Bennett: PA government made up of ‘terrorists in suits’

Left-right divide seen in Israeli reactions to Palestinian unity government; Yair Lapid warns against overreaction

Then-Economy Minister Naftali Bennett (left) with then-finance Minister Yair Lapid in the Knesset, March 11, 2014. (Miriam Alster/Flash90)
Then-Economy Minister Naftali Bennett (left) with then-finance Minister Yair Lapid in the Knesset, March 11, 2014. (Miriam Alster/Flash90)

The swearing in of a new Palestinian unity government on Monday elicited strong reactions from Israeli leaders, with right-wing cabinet ministers condemning the alliance of “terrorists in suits,” and centrists urging a more cautious approach.

Economy Minister Naftali Bennett (Jewish Home) set the tone for many, insisting that Hamas’s support for the Palestinian Authority government meant that “the prospect of a Palestinian state ran into the wall of reality today. It’s time to switch from defense to the attack and do what is good for Israel.”

He said the new administration was “a government of terrorists in suits” and called it “an illegitimate government.” On his Facebook page, Bennett quoted anti-Jewish and anti-Zionist passages from the Hamas charter, asking, “So is there someone out there that still thinks that this is a partner?”

While Bennett’s comments were echoed by many in the coalition, others, such as Finance Minister Yair Lapid of the centrist Yesh Atid, urged caution.

“This is not a time for overreaction. I urge my friends in the government and the Knesset not to give Hamas the opportunity to turn the fire back at us just for the sake of a headline in the domestic political arena,” Lapid said in a thinly veiled reference to the comments from the right.

Housing and Construction Minister Uri Ariel, also of Jewish Home, condemned Abbas for establishing “a government of terror with common murderers,” adding that the PA president “proved today once again that he is not interested in peace with the State of Israel.”

Ariel called on the government to respond to the Palestinian move by lifting an alleged partial construction freeze in Jewish settlements.

MK Moti Yogev (Jewish Home) said the unity government was established on the principle of refusing to recognize Israel, and reiterated calls by his party to “strengthen” Israel’s presence in Area C of the West Bank, which is under Israeli administrative control.

Deputy Defense Minister Danny Danon echoed Bennett’s charge against the Palestinian government and warned foreign governments against giving aid to the PA.

“The suits of the [unity government] ministers are just pretty casings for the acts of terror that they have overseen,” he said. “As of now all aid given to the Palestinians by the United States and other countries directly contributes to harming the State of Israel,” Danon said.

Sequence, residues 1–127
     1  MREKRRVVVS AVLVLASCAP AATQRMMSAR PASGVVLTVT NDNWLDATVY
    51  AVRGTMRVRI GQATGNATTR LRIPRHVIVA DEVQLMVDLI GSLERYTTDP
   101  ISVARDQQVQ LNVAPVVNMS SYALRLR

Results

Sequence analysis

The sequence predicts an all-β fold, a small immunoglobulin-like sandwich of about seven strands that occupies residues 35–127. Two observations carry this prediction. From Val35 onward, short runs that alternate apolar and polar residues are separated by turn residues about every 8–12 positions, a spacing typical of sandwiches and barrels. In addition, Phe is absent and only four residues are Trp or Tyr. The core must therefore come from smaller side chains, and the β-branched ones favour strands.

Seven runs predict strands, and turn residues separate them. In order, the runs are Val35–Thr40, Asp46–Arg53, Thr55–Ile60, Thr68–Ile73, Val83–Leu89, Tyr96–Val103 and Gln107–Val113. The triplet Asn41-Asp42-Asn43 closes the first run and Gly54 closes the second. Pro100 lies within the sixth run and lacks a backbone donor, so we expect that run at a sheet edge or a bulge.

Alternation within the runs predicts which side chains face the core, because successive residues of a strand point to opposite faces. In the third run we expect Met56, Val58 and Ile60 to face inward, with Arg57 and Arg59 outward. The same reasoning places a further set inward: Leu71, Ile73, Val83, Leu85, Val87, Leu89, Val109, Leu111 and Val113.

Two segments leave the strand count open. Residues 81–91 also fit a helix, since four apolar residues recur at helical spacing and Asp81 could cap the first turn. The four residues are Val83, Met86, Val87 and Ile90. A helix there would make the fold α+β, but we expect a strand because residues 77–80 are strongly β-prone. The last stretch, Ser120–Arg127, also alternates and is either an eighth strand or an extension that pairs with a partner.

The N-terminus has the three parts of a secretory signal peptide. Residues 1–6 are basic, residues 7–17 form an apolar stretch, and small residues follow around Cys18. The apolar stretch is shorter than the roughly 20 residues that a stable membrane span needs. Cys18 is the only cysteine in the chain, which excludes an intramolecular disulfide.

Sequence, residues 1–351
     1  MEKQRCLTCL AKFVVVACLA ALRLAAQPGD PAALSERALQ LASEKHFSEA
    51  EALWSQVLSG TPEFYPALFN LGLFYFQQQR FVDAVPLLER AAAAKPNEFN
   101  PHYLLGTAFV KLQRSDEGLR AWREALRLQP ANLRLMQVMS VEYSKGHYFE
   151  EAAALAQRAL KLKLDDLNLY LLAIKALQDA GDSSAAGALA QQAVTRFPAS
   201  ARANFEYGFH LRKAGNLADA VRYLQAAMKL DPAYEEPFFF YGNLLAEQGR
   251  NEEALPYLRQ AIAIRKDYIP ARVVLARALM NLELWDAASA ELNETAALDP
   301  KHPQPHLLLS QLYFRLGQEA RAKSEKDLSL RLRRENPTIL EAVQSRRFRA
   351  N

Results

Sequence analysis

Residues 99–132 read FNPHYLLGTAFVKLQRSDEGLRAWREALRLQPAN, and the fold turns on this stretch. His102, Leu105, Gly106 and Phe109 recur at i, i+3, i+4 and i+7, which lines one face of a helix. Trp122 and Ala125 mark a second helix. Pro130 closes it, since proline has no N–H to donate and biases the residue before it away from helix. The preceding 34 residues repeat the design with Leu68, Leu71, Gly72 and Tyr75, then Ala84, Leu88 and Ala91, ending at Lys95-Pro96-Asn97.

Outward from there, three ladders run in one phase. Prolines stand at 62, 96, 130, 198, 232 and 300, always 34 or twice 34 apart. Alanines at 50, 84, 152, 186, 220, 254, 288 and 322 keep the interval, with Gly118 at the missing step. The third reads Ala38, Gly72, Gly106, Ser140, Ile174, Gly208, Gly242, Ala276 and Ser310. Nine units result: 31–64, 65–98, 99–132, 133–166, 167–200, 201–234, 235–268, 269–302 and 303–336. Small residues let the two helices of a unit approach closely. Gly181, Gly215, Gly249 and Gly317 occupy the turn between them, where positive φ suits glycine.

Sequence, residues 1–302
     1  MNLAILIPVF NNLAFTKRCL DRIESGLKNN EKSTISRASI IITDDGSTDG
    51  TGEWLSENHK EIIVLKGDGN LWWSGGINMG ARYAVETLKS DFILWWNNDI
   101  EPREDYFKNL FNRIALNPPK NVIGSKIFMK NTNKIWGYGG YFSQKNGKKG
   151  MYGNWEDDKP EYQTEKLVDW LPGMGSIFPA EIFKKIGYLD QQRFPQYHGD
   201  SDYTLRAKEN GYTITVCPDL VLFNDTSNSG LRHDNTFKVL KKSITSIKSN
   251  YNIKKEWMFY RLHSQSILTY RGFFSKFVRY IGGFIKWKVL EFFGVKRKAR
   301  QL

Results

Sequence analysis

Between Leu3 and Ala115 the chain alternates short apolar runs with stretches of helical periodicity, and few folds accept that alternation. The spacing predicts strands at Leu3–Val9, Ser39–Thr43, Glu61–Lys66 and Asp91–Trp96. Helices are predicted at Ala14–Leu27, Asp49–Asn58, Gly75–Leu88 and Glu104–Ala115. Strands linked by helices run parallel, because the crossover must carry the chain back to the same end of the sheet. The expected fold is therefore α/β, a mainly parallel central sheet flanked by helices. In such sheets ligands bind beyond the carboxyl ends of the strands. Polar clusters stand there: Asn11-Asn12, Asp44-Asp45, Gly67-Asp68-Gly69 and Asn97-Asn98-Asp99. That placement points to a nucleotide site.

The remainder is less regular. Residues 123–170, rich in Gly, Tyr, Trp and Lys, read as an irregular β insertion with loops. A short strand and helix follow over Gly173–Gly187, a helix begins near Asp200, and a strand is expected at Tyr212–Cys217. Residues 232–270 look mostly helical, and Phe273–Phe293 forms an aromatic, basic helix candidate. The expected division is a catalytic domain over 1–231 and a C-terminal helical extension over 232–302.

Meanwhile, Foreign Minister Avigdor Liberman mocked Israel’s response, and seemed to take a surprisingly conciliatory tone for a famously hawkish politician.

“Every minister in the government has his own strategy, but the government of Israel has no strategy,” he said, according to Channel 10. “We need to reach an agreement for a Jewish state and a Palestinian state. To leave Jews in a Palestinian state would not be responsible.”

Liberman criticized the Jewish Home party for not accepting the premise of a Palestinian state, as well as Justice Minister Tzipi Livni for her willingness to negotiate a Palestinian state “at any price.”

Labor MK Nachman Shai said the establishment of the new Palestinian government presents “not only a risk, but also a chance” to take a different course. But, he added, the government’s proposed steps — including a refusal to recognize the new government and the cutting of funds to its coffers — “will be a further deterioration of the situation from both a diplomatic and security standpoint.”

Hatnua MK Amram Mitzna called for introspection, saying that “Hamas does not abet terrorism. In our government as well, we aren’t all peaceful.”

Abbas’s Fatah party and Hamas ended several years of animosity when they reached an agreement in late April to form an interim unity government of technocrats, with full elections by year’s end.

Prime Minister Benjamin Netanyahu has also alluded to possible “unilateral steps” in response to the failure of peace negotiations with the Palestinians.

Netanyahu ended peace talks with Abbas after the unity government was announced, and has repeatedly stated that Israel will not work with a Palestinian leadership that includes Hamas, which Israel and much of the West consider a terror group. On Monday, Netanyahu hit out at European governments for condemning a shooting attack on the Jewish museum in Brussels while responding with “ambiguity” to Palestinian reconciliation.

The Times of Israel staff contributed to this report.

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